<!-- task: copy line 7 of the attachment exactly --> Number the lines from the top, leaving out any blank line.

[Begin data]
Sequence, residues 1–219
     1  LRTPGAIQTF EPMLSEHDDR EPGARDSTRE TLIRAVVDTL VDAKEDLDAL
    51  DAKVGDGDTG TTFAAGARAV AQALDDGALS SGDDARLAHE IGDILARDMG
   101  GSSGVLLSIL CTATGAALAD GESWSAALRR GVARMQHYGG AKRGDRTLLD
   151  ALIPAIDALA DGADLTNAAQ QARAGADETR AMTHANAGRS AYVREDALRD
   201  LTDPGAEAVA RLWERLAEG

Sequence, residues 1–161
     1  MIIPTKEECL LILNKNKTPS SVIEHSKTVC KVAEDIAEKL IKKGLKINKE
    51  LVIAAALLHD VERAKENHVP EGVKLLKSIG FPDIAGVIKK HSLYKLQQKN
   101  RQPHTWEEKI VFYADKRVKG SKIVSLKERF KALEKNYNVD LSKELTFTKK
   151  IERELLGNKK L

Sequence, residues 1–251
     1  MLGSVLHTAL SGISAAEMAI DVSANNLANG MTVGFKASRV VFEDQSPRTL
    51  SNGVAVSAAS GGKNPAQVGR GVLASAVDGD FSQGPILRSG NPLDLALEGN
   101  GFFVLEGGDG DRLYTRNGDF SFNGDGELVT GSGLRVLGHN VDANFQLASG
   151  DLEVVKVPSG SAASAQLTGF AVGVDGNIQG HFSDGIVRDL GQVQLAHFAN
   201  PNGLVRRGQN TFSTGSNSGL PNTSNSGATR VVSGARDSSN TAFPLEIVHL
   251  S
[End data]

Sequence, residues 1–161